In June 1958, I was assigned to VA-44 as a flight instructor in the A-4 Replacement Air Group Squadron at Jacksonville, Florida. Next VF-21 for training and VA-72 for duty at NAS Oceana, Virginia, and a year flying from USS Independence and Naval Air Station Guantanamo, Cuba. Shore duty at Monterey, California resulted in a M.S. in Physics.

Returned to sea duty in 1963, as VA-144 Aircraft Maintenance Officer and deployed with two Air Groups in three carriers. During this tour I spent 16 months at Yankee Station in the Gulf of Tonkin, I was involved in the rescue of Lieutenant Klusman and DCR Lynn shot down in the Plain of Jars from USS Kitty Hawk in June 1964, the destroyer and PT boat incidents in early August 1964, and the initial strikes into North Vietnam on August 5, 1964, when my friend and roommate LTJG Everett Alvarez was shot down and captured. During this period I flew over three hundred sorties into North Vietnam, South Vietnam and Laos.

After a shore tour at the Naval Air Test Center as an engineering test pilot and as the Head of Ordnance responsible for clearing various new weapons from all naval aircraft, I received orders to VA- 176 as Commanding Officer. Reporting for training in VA-42, qualified aboard the USS Independence, and then was attached to Air Wing Six in USS Roosevelt flying the A-6 aircraft. It was during this time that my squadron introduced the KA-6D tanker airplane for fleet use in 1971. We also were assigned the A-6B and A-6C airplanes which were specialized for night interdiction and anti radiation missiles. This tour, near the end of the Vietnam War, ended my sea duty.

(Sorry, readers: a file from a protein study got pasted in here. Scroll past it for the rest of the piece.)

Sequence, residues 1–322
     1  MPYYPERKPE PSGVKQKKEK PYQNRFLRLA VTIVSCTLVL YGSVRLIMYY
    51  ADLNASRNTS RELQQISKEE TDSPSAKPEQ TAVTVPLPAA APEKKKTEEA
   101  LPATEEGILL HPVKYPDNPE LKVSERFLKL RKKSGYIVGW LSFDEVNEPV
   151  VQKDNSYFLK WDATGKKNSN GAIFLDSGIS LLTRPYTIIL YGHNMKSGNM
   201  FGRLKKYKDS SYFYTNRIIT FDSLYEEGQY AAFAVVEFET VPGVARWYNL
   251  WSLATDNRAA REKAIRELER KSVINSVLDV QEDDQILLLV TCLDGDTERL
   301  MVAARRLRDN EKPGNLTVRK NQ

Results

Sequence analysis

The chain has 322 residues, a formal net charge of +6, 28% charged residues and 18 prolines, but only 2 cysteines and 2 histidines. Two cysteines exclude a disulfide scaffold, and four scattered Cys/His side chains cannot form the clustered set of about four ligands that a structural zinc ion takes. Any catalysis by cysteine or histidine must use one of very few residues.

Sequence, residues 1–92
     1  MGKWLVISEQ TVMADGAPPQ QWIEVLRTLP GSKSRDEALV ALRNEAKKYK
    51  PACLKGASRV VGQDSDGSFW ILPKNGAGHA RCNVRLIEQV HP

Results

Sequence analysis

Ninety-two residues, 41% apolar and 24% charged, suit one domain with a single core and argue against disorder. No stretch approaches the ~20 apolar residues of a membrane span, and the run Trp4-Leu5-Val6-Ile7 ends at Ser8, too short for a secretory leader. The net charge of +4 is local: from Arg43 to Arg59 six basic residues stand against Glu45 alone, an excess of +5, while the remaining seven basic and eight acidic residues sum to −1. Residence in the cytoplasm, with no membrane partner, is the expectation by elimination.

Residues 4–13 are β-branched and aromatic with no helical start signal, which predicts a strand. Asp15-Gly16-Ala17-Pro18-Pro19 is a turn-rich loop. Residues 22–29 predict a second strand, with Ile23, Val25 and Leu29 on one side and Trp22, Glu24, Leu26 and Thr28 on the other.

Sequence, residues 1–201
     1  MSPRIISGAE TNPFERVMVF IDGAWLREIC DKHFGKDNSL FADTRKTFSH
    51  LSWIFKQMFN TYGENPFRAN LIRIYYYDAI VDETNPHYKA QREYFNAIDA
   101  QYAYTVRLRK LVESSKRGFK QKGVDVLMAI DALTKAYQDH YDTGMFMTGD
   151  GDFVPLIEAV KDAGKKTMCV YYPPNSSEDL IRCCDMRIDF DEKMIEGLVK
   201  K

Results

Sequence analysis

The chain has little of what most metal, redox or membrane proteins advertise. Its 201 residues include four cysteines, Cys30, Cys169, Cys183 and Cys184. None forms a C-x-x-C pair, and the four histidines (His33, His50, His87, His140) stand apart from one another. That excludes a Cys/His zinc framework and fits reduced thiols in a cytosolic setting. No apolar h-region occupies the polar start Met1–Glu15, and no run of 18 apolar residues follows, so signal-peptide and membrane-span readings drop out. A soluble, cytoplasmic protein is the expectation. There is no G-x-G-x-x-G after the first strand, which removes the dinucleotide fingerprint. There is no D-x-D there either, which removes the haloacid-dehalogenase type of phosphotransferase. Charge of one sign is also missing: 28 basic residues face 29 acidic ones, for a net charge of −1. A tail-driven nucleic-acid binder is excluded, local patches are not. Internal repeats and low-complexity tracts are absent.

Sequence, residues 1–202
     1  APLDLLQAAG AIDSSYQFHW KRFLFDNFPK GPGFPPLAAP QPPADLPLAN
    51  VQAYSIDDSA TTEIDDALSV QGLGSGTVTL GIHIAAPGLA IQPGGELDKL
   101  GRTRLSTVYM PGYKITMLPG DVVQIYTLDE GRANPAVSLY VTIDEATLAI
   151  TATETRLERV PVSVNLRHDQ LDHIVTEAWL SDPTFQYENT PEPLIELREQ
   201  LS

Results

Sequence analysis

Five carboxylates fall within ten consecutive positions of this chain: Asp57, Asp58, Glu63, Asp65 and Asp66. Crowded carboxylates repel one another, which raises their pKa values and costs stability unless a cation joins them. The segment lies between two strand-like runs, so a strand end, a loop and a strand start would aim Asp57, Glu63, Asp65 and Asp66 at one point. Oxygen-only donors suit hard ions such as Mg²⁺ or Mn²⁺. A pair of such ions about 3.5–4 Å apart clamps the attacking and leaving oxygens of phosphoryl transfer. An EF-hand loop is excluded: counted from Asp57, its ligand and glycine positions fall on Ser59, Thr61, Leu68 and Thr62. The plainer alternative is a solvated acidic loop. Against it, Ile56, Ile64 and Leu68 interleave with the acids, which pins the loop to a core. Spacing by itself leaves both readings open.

Fully entrenched in aircraft weapon systems acquisitions, by duty and education, the next ten years were spent with the shore establishment. Graduating from the Industrial College of the Armed Forces, duty followed as the Program Manager for A-6 and EA-6 aircraft. In December 1979 I provided the new A-6E TRAM weapon system to VA-35 in USS Nimitz while on station in the Indian Ocean. This was to me the most satisfying accomplishment of my shore duty career.

A short respite from the Washington arena was granted with command of a Naval Reserve Air Station in Mt. Clements, Michigan. The final tour was as Chief of Staff, Operations and Readiness at the Naval Air Test Center, Patuxent River, Maryland, just south of Annapolis where it all began.

Each of my four children were born in different states. My wife, through it all moved us twenty times. The cities, towns, squadrons, ships, schools, and duties were all as wonderful as I could have dreamed even during the darkest ages of the Naval Academy. My wife has earned retirement. I should like to start again, go to sea, with an airplane of course, and have the same family.


Posted: 22 August 2000  Updated: 2 January 2001 Updated: 16 March 2002 Updated: 18 July 2004 Updated: 21 November 2005
US Naval Academy SEAL
 
 
 
 
 
 
 
 
 
 
 
 

Distinguished Flying Cross
Distinguished 
Flying 
Cross (2)
 
 
 
 
 
 
 
 
 
 
 
 

Legion of Merit
Legion of
Merit